Flattening the end of mild steel tubes leads to corrosion?
September 11, 2019
Q. We are working with some tubular structure designs. I have been told that flattening ends of MS tubes which are then powder coated tends to have corrosion due to moisture having entry points at the ends of tube. We then get corrosion leeching out from the ends in (outdoor product) the rains making things ugly apart from the obvious corrosion. This is a consumer product so aesthetics are key factor. Our powder coats have a CED base.
Given that this is such a commonly used, cheap and effective way to make tubular products I was wondering what the general consensus in the industry is with this issue?
A. Hi Roy. Moisture accumulation & entrapment are certainly a corrosion issue, and this is somewhat amplified by the fact that the stressed metal is anodic to the rest of the tube, tending to sacrificially corrode. I think the best answer (in addition to designs which discourage water from getting in and encourage it to get out) is proper zinc phosphatization, plus your e-coating before powder coating.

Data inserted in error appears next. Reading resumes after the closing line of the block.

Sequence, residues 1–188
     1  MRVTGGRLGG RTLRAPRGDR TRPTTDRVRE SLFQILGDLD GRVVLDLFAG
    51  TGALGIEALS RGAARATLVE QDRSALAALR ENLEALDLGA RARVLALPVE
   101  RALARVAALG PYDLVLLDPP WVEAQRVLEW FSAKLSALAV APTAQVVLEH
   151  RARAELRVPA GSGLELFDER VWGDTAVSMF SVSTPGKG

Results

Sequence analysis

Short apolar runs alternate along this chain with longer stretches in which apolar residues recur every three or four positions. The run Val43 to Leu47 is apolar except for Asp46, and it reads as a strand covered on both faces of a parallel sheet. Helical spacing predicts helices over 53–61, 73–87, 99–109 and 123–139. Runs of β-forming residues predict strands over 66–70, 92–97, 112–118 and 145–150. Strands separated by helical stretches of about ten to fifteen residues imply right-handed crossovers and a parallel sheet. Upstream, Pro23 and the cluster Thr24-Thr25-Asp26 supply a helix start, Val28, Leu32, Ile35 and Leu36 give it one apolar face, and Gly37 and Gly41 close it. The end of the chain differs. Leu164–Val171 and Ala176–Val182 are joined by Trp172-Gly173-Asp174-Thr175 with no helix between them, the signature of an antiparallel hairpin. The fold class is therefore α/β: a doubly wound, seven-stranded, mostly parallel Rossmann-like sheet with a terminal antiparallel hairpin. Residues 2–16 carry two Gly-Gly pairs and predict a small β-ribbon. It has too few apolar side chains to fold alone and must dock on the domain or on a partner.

I bought a backyard gazebo/screen tent constructed with such flattened end tubing and it was rusting in under a week, so I appreciate the issue.
opinion! My strong suspicion is that no attention had been given to proper phosphate pretreatment -- especially because there is zero environmental pressure towards sustainability and making metal fabrications durable, but enormous pennywise/pound foolish environmental pressure towards harassing finishing shops to reduce pretreatment chemical usage, sabotaging any sustainability efforts :-(
Ted Mooney, P.E. RET
finishing.com - Pine Beach, New Jersey
Striving to live Aloha